Pandemic unemployment benefits system is facilitating skyrocketing fraud, experts say
Last year's expansion of eligibility for jobless benefits to self-employed created "once in a lifetime opportunity for every scammer, fraudster and thief in the world," said identity theft expert in Indiana AG's office.
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Unemployment fraud continues to rise during the coronavirus pandemic, according to several state-level officials and experts on identity theft.
The experts said that the weekly federal unemployment aid that began in March of last year is a magnet for fraudsters domestic and foreign. President Biden's $1.9 trillion American Rescue Plan continues a $300 weekly added federal payment on top of state benefits through September.
The decision Congress made to allow independent contractors to collect jobless benefits for the first time "created a once in a lifetime opportunity for every scammer, fraudster and thief in the world, and they've jumped at the chance to take advantage of that opportunity," said Douglas Swetnam, section chief of the data privacy & identity theft unit in the Indiana attorney general's office.
The spike in fraudulent activity during the pandemic has been unprecedented, Swetnam said Monday at a House Ways and Means Committee minority roundtable entitled "$60 Billion and Counting: The Consequences of Unchecked Pandemic Unemployment Fraud."
"In Indiana, my section experienced a 1,500% increase in identify theft fraud reports in 2020," said Swetnam. "We are on track to set a new record for 2021."
Amy Simon, former chief of staff for employment and training administration at the Department of Labor, said the design of the federal pandemic unemployment benefit system "facilitated fraud," partly because it allowed "self-certification" from applicants to qualify for the weekly payments.
"I just need to check a box and say this thing happened to me, so in some sense the statutory design of the program facilitated fraud," she said.
Eva Velasquez, CEO of the Identity Theft Resource Center, said that unemployment fraud has been the category with the highest number of victims among the incoming calls to her organization during the pandemic.
"We saw a 4,800% increase, I'm not misspeaking, that's a 4,800% increase in just that case type," she said. "We're on pace to pass our 2020 numbers before the end of the second quarter this year."
Velasquez said identify theft connected to unemployment benefits has not subsided at all.
"If anything, we're seeing it increase," she said.
Referring to the "shocking" 4,800% increase reported by Velasquez, Republican Rep. Vern Buchanan of Florida said he "can't imagine anybody losing that kind of money, if it was run by a company or anything else, you'd be out of business — it's sickening."
Swetnam said states were not ready to handle the deluge of pandemic jobless claims, which were opened up to new categories of workers, such as self-employed individuals, with the adoption of enhanced federal benefits in 2020. Fraudsters often use personal information from individuals who were victims of data breaches to submit fraudulent claims, he explained.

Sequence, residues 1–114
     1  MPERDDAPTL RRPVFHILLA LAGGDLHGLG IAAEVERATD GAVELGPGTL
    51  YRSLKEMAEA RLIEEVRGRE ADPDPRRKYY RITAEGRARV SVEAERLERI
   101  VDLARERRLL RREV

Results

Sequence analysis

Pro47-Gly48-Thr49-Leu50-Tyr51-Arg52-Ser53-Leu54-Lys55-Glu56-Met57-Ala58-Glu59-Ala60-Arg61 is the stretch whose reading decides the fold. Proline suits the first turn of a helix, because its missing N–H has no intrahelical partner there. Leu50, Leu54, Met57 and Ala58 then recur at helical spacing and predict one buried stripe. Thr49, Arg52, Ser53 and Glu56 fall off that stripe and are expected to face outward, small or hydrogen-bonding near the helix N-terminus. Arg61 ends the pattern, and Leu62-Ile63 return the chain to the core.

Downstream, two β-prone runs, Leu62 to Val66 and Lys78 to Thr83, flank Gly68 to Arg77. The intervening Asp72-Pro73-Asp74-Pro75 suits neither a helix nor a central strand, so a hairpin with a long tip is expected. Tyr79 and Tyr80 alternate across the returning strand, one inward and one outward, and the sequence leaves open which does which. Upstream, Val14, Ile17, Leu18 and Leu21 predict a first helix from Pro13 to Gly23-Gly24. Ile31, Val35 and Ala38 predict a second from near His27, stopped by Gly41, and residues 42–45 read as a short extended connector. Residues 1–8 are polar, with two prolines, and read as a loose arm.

"It is much easier to stop the fraud before it happens than to try to chase it down and claw it back, so most states did not have systems set up for a lot of pieces of the [March 2020] CARES Act and ours included," said Swetnam.
States "just weren't ready for the kind of onslaught that they had and fraudsters from all over the place," he continued, emphasizing that states should use additional fraud prevention measures for unemployment claims.
"Some of the things that these prevention systems can do, for instance, they'll look at the IP address of the applicant to see if it makes sense or it matches the people who are supposedly signing up," he said. "If the person is supposed to be from Indiana and the IP address shows Nigeria, that's a good clue that there's a problem."
The sources of the unemployment fraud are from out of state in the vast majority of cases, according to Swetnam.
"We see a fair amount that's coming from international sources," he said, specifically naming Nigeria, Jamaica and Russia.
Swetnam said the FBI's identify fraud task force and the Department of Labor are overwhelmed and unable to keep up with the volume of fraud cases.
"We are finding when we offer, 'Are there places we can send our fraud cases?' The answer is, 'No we don't have any capacity,'" he said. "It's a real problem. There just aren't enough law enforcement resources in place to pursue all the fraud cases."
Michael Rodgers, director of policy and public affairs in the Ohio Attorney General's Office, said his office is limited in the action it can take against fraudsters.
"The states really aren't equipped to deal with fraud on an international basis and dealing with criminal elements, so we're really looking to the Department of Justice on those issues," he said. "The scope of the fraud is so overwhelming, it's really hard, it's been difficult for law enforcement to get their hands on it at this point."
Pete Eskew, senior vice president at ID.me, warned states that "knowledge-based questions" are no longer sufficient anti-fraud measures when vetting unemployment claims and blocking identify thieves. He said fraudsters typically know the answers to those questions with stolen information.
He suggested that states implement anti-fraud identity measures such as requiring unemployment applicants to provide photo identification as a way to pass a biometric test.
"You can't do that if you aren't that individual," he said, adding that his company's technology can detect legitimate photos versus altered ones.
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